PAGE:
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June 06, 2019

What to Know about LATE Dementia: A New Type of Brain Disease

Scientists have discovered a neurodegenerative disease that mimics Alzheimer’s disease but doesn’t have aberrant proteins usually seen with the condition. Experts have dubbed this disease LATE, which stands for limbic-predominant age-related TDP-43 encephalopathy and it seems to be caused by a different malfunctioning protein. Here’s what you should know about this discovery.

What is LATE Dementia?

According to researchers, LATE is a type of dementia that develops slower than Alzheimer’s and appears later in life — in the 80s or 90s. In fact, it may account for 17 percent of dementia cases. People who develop LATE have brains without the protein amyloid beta, which is the sticky protein found in Alzheimer’s that forms plaque and strangles healthy brain cells. Issues with TDP-43 are responsible for diseases like Lou Gehrig’s disease and frontotemporal lobar degeneration. Problems with the protein can also cause the hippocampus to shrink, which can cause symptoms similar to Alzheimer’s.

LATE is broken out into three stages:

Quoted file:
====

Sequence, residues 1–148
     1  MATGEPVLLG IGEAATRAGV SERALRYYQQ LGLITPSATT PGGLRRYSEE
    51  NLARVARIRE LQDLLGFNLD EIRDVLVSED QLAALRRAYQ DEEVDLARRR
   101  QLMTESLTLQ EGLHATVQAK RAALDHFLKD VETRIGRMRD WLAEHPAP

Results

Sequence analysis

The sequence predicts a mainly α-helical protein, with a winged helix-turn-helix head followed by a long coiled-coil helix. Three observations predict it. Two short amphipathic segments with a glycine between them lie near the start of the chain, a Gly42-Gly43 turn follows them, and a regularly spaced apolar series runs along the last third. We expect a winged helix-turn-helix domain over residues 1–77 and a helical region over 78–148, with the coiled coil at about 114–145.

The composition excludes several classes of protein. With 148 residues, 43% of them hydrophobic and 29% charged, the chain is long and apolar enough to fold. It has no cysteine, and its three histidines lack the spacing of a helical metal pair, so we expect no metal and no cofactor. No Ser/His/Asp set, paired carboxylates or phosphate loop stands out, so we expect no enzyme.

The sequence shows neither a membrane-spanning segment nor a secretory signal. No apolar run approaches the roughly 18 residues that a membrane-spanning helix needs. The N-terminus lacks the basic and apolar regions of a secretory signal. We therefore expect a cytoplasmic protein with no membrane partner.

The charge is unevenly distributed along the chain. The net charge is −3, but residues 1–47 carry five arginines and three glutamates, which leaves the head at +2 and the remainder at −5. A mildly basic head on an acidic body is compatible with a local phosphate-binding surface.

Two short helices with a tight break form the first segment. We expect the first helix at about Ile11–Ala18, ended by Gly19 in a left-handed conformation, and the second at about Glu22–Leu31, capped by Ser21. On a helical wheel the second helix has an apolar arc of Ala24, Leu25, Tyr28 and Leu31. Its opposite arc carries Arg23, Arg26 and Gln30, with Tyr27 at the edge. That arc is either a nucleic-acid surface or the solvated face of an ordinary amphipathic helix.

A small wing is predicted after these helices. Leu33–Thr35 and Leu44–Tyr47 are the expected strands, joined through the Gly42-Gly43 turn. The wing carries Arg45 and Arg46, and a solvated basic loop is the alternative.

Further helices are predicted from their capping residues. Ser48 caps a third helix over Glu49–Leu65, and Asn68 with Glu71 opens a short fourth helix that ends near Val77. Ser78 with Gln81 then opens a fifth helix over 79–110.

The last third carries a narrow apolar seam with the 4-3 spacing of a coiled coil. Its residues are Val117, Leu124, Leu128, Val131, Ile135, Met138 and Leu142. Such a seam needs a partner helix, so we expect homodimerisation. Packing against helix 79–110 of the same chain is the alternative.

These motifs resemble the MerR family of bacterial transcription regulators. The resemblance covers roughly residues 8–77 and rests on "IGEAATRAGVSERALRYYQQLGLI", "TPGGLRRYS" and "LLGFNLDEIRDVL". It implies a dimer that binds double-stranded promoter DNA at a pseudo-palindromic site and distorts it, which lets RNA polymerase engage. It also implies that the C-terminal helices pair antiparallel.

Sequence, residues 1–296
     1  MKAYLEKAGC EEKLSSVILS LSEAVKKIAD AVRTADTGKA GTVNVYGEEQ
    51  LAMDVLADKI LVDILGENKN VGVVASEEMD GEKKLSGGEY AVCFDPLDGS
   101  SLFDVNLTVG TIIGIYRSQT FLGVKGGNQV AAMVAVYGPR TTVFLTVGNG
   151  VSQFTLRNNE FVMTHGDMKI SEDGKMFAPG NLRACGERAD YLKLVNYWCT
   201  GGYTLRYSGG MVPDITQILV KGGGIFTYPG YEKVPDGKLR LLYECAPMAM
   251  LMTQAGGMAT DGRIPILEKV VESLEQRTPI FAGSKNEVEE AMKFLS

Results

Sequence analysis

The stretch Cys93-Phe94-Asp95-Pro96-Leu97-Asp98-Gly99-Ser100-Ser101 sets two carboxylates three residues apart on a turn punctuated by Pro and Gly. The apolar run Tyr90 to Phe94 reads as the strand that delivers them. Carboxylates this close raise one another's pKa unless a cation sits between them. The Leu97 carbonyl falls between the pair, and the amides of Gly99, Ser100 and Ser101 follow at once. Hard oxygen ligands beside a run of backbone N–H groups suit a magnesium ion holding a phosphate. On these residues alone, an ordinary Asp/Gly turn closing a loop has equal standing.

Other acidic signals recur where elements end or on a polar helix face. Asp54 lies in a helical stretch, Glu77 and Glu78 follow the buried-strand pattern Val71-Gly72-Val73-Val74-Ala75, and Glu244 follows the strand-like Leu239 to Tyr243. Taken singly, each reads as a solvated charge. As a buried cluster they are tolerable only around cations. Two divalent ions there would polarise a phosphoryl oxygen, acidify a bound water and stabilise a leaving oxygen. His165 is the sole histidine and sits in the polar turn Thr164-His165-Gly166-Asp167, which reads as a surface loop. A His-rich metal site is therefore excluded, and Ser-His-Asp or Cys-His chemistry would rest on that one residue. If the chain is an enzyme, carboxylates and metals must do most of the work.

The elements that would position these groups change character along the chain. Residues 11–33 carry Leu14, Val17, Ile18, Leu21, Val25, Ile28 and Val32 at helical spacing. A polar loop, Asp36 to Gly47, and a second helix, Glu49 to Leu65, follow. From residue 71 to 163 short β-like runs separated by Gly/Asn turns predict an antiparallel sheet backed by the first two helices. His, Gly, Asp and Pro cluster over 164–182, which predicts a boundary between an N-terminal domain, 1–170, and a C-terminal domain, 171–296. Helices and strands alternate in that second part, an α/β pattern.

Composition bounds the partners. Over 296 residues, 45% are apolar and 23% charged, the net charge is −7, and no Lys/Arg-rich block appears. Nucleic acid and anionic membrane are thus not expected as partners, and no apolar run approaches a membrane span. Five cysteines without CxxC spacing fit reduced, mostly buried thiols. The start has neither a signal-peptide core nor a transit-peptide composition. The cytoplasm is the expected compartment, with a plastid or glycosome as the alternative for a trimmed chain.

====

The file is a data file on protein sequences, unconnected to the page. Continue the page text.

Stage 1: Only the amygdala is impacted

Stage 2: The amygdala and hippocampus are impacted

Stage 3: The amygdala, hippocampus and frontal gyrus are impacted

Many people over age 85 have misfolded TDP-43 proteins in their brain, according to the National Institutes of Health: “Roughly 25 percent of individuals over 85 years of age have enough misfolded TDP-43 protein to affect their memory and/or thinking abilities.”

LATE, according to researchers, is a under-recognized condition with the potential to make a very large impact on public health.

Differences between LATE and Alzheimer’s

Though LATE and Alzheimer’s disease share similar symptoms like memory loss, confusion and cognitive decline, there are a few distinguishing features between the two. LATE tends to occur in people in their 80s or 90s while Alzheimer’s usually begins around 65. LATE also progresses more slowly than Alzheimer’s unless a person has both conditions. And while Alzheimer’s can have a genetic connection, LATE does not.

What Else to Know

Alzheimer’s and LATE can only be diagnosed after death. There is no cure, but some of the symptoms of LATE may be eased with medications to treat Alzheimer’s. However, it’s important to note that because the two conditions are similar, researchers theorize the recent failure of certain new Alzheimer’s drugs in clinical trials may be because the patients enrolled in the trials had LATE, not Alzheimer’s.

As people live longer, scientists are working to define a biomarker for TDP-43. Without one, it will be impossible to distinguish between Alzheimer’s and LATE while someone is living. For now, doctors rely on less precise methods like brain MRIs, which show a slightly differing pattern of nerve damage between the two diseases.

If you have questions about dementia or are concerned about your brain health, talk to your doctor.

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